Teaching the Next Generation How to Sell

Beverly Flaxington

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The following is excerpted from The Pocket Guide to Sales for Financial Advisors by Beverly D. Flaxington (ATA Press, 2014), which is available from Amazon via the link on this page.

As the years roll on, more advisors consider retirement, but they don’t have a strong plan to keep their legacy going. The aging of the industry is a real concern, and our firm is often called on to train the next generation. At Suffolk University where I teach leadership to 18, 19 and 20 year olds, I face this issue every semester!

For this week’s column, we have excerpted the topic from the bestselling book on sales for financial advisors. I encourage the younger generation to write in and let us know what we’ve missed.

Creating a sales program for the next generation

With many in the older generations retiring, the Millennials are beginning to make up a large portion of the workforce. Some Millennials are even entering higher-ranking positions where they have a great deal of responsibility. One of the biggest challenges for advisors is determining how to bring onboard and train this generation of workers. It’s becoming an imperative because there are many more advisors getting ready to take their own retirement and not as many new advisors coming in to fill the void. Learning how to train and coach the next generation of staff is going to be important if most advisory firms are to survive the departure of the founder or lead advisor.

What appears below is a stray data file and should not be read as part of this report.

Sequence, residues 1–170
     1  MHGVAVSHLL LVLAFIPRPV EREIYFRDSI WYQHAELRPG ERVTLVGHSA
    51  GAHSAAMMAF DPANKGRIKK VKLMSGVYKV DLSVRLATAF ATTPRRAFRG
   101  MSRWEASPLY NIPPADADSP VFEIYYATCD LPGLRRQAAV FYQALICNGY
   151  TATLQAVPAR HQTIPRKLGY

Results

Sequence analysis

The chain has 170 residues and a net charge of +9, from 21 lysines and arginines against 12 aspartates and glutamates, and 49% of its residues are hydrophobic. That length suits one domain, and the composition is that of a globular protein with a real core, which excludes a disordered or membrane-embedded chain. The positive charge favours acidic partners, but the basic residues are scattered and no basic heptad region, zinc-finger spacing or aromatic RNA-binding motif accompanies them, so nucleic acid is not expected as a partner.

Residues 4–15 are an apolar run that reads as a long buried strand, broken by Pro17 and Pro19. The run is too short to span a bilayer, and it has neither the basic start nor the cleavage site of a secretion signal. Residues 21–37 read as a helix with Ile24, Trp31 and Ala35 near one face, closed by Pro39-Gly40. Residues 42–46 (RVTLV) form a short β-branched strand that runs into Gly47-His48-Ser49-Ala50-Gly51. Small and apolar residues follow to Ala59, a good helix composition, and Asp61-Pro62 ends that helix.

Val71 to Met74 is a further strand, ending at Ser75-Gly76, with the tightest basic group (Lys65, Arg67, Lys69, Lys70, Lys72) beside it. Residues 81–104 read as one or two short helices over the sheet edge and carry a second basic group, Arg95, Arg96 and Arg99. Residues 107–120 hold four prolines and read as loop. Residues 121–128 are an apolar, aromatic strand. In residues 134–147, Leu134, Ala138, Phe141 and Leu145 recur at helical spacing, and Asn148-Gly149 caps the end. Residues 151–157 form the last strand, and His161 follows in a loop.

Many an advisor has believed they have found their successor, only to have that person leave long before the transition was to take place. It’s not enough to manage someone from the next generation the same way you were managed. The adage “that’s how I learned and how I did it” might actually do you in! Millennials are different from the Baby Boomers they are following in the practice. In most cases, they want instant gratification and frequent feedback. They expect their careers to progress quickly. They’ve always received constant praise from their parents. They believe there are no losers and that everyone is equal. Everyone wins a trophy. While they are eager to learn, they want meaning in what they do, so cultural values are very important to them and doing the right thing can be as well.

While they might believe everyone wins, this group is very open to feedback and coaching to help them improve. This mindset offers an excellent method of providing them information about best practices, as well as an opportunity to critique their performance – as long as it is presented as an opportunity for development. This generation of workers prefers having clearly defined expectations. Thoroughly outline your expectations and their duties on a daily basis. They prefer to know how their performance will be evaluated and the criteria being used for that purpose. Minimize miscommunication by conveying clearly what is expected of them throughout the training process.

Millennials benefit from a comprehensive training program. This group of workers responds very well to training based on the visual. They prefer information that is easily absorbed through presentations or infographics. Online training courses might be used to teach the basics and company policies; this may even help to make the learning curve shorter. They are much more comfortable learning virtually, through online discussions, websites and videos. They have no trouble with researching through online sources. They prefer fast-paced, interactive programs.